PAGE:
Mrs. A is having a short recess while the family makes a move. She wants you to know she is Not in detention and will be back when the bell goes.
Kids have been enjoying dress up and costume play (cosplay) for generations but Halloween pretend play is certainly special. Everyone else plays too!
While cosplay generally means putting on the costume as well as the words and actions of a specific character, kids add their own interpretations. A costume, or any dress-up play, invites explorations. Kids are exploring different ways of behaving and interacting.
If we look at the word from a child’s perspective, they see many different people from the outside. They can only guess what that feels like on the inside. So kids try-on the character of the boss, the bad guy, the rescuer, the leader, the worker, the store clerk, the superhero, the sports player, and others each time they try on a costume. Many times, they don’t even need the costumes. They can do all this with imagination.
Although pretend and imaginative play doesn’t need props, dressing up is a sort of permission. Kids know they are people, not cats or dogs, but ears and a tail mean they can try and eat off a dish on the floor. Normally, kids know if they ask adults if they can do this we’d say no, but they explain they are pretending to be a kitty or puppy and what happens? There’s a good chance we say yes. Would we let kids growl at us and order us around? Not usually, but if they are a lion or a pirate, we play along. No doubt about it, imaginative play is pretty powerful.
Pretend play starts about the age of two and becomes increasingly more complex. It’s a vital part of children’s development, creating new brain connections and understandings. On a mental level, problem-solving, creativity, organizing, comparing, and other thinking skills are involved. There’s an emotional aspect, too. Have you heard the expression about not judging others until we have walked a mile in their shoes? When kids dress-up they are trying to do just that. This is part of empathy, of feeling how others might feel. Physically, brains and bodies are so linked that imagining an action creates a response in the body.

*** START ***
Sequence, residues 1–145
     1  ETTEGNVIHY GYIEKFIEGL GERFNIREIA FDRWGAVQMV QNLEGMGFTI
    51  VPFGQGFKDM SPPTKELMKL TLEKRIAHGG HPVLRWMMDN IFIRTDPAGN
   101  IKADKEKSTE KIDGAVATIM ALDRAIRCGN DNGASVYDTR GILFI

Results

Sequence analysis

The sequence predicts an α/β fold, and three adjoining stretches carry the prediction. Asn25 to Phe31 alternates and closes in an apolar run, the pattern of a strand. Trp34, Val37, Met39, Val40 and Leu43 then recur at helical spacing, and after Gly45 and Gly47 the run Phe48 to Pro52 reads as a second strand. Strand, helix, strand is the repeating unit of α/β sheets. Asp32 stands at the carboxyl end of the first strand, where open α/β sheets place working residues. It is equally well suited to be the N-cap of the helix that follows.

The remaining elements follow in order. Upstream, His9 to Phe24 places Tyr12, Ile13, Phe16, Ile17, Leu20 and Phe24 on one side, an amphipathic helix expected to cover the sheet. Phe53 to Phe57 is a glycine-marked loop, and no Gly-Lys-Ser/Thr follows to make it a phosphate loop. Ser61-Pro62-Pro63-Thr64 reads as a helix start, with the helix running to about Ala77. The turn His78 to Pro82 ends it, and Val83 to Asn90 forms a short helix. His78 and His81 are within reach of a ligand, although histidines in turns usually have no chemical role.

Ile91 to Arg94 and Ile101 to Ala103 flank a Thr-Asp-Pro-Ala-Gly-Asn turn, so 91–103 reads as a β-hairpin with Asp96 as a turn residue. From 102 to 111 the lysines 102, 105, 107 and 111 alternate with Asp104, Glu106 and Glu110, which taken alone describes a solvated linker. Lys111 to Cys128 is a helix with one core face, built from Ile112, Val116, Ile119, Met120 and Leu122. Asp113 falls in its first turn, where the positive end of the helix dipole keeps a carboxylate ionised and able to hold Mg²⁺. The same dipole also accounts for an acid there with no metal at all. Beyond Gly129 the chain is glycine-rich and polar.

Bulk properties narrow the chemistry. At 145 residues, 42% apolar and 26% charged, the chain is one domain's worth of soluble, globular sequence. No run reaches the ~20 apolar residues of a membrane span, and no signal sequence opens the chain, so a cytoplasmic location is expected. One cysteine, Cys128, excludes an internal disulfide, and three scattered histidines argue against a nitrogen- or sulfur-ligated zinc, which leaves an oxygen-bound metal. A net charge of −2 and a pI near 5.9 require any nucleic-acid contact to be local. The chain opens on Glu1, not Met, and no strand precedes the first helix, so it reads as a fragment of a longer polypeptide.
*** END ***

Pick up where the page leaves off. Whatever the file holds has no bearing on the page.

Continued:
Halloween pretend play will happen long before and long after Halloween. And not just for kids. Will you dress up too?
Listening to a podcast this week on brains and learning explained why kids need space and time to play and why it’s so important we make sure they get it.
The brain scientist was discussing the value of small, repetitive actions that make up part of every adult’s day. These actions vary depending on what type of job we do and what pastimes we enjoy. Ones like painting buildings, doing dishes, swimming lengths, knitting, or even driving. Have you ever driven for a period of time and then realized you couldn’t really remember the past few minutes? That’s because the volume has been turned way down in part of the brain, allowing the volume to get turned up in other parts of the brain.
During repetitive play, the same thing happens for kids. Part of the brain turns to low leaving space and time for brain to consolidate learning. We’ve all seen kids play in repetitive ways. Like digging and dumping over and over, rolling and patting play dough, pouring water out of a container and filling it up again and again.
Both adults and kids need space and time to play –and work. Children’s play really is their work. The brain has over 100 billion neurons or nerve cells. These connect with each other in countless ways. As children play, the brain is on the job.
As parents and caregivers, we want what’s best for kids and for them to have as many opportunities and experiences as possible. It’s hard to step aside and let kids engage in ordinary, everyday play. We can be assured though, this is what they really need. The more we learn about the brain, the more we appreciate the role of play in learning. Is there space and time in your child’s day to play? How do you support play?
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